On Wednesday, the head of the U.S. Postal Service—alongside House leaders—finally revealed the stamp that honors the late Rep. John Lewis. The photograph of Lewis, D-Ga,, is from 2013 and was taken by Marco Grob for Time Magazine.
“This stamp celebrates the life and legacy of civil rights leader and U.S. Rep. John Lewis (1940-2020) of Georgia. Devoted to equality and justice for all Americans, Lewis spent more than 30 years in Congress steadfastly defending and building on key civil rights gains that he had helped achieve in the 1960s. Even in the face of hatred and violence, as well as some 45 arrests, Lewis remained resolute in his commitment to what he liked to call ‘good trouble.’”
In addition, its pane’s margin will feature a 1963 picture of Lewis by Steve Schapiro outside a protest workshop. During the unveiling ceremony, House Minority Leader Hakeem Jeffries, D-N.Y., and Linda Earley Chastang, (Lewis’ former chief of staff) shared moving words about Lewis’ legacy.
“The stamp will forever represent and commemorate one of our country’s greatest sons and the conscience of our Congress,” Jeffries stated. “It’s appropriate that one of our forever heroes will be recognized with a Forever stamp.”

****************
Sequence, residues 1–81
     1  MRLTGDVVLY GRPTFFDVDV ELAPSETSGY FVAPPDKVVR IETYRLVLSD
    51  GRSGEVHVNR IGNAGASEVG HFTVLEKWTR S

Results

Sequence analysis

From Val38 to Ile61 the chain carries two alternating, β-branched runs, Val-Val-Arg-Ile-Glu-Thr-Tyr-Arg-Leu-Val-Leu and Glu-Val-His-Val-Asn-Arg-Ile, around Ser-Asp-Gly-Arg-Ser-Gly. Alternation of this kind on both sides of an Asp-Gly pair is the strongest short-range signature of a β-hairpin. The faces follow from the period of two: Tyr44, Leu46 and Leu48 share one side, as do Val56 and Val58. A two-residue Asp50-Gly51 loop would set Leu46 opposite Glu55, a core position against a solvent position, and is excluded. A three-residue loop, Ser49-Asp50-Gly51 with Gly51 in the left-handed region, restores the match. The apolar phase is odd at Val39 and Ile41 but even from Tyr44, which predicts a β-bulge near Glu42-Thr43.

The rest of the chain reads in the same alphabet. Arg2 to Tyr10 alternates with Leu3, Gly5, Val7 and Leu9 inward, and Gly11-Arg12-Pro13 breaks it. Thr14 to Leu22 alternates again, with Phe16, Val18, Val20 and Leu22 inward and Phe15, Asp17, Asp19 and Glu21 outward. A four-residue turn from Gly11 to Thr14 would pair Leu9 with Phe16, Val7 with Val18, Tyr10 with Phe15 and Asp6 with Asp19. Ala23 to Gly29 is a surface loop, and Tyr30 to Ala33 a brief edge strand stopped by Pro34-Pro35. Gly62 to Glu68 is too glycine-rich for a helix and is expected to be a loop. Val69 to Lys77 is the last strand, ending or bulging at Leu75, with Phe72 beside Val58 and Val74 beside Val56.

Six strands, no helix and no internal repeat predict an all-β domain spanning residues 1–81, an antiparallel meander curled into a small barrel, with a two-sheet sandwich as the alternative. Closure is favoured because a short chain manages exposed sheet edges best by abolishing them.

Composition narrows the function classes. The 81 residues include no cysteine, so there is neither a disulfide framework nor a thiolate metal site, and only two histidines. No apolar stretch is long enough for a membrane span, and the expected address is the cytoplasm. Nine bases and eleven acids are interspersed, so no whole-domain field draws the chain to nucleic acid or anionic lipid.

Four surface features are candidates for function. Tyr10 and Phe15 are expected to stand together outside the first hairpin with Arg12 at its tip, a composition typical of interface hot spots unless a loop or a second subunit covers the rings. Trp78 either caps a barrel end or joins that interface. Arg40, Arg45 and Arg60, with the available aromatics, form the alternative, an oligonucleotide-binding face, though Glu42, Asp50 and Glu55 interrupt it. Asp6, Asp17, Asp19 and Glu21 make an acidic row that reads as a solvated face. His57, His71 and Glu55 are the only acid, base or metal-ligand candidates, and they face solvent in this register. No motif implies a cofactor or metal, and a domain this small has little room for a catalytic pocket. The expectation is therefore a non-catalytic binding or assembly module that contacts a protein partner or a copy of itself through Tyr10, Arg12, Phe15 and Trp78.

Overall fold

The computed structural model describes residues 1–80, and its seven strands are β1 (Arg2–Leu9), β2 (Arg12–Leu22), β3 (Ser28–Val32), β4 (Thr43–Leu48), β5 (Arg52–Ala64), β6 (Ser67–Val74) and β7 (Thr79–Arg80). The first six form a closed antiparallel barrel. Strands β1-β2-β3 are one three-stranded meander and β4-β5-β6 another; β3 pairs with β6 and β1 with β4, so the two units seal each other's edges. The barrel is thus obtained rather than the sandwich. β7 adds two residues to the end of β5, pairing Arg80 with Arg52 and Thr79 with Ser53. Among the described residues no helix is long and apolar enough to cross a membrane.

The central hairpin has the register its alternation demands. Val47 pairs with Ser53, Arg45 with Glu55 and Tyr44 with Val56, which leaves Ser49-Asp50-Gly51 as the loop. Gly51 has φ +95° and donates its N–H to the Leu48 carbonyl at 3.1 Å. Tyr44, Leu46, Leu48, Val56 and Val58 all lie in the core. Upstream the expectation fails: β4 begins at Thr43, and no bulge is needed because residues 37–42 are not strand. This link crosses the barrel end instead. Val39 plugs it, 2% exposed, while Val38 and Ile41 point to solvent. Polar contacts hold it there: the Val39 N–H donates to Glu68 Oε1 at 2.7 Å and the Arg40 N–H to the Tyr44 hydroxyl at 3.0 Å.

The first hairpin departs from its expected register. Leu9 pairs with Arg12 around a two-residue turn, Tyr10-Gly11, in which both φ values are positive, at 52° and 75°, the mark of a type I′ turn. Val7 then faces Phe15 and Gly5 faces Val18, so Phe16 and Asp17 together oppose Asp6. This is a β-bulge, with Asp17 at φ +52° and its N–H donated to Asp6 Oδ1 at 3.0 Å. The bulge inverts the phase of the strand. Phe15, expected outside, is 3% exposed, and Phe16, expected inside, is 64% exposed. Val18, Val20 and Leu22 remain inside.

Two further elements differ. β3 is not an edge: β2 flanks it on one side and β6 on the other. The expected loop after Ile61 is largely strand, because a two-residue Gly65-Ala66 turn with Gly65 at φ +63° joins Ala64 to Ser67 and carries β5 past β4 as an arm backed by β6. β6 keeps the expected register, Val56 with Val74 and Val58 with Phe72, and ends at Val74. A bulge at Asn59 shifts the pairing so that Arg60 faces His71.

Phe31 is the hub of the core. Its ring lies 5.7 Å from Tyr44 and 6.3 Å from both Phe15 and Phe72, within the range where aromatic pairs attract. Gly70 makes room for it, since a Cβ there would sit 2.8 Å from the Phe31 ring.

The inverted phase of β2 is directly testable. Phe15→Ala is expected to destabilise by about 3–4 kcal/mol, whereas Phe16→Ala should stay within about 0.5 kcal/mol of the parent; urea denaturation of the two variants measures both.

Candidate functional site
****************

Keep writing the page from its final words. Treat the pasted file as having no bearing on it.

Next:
An official dedication ceremony for Lewis’ Forever stamp will follow and take place on July 21 at Morehouse College in Atlanta, Postmaster General Louis DeJoy confirmed during the Capitol Hill event. In addition, he said the Postal Service will rename Atlanta’s main post office for Lewis.
“Our nation certainly benefited from his fearlessness and his unfailing willingness to get into good trouble,” DeJoy stated. From 1987 until his death in 2020, Lewis served in the House. He passed away after being diagnosed with stage 4 pancreatic cancer. Lewis was 80 years old.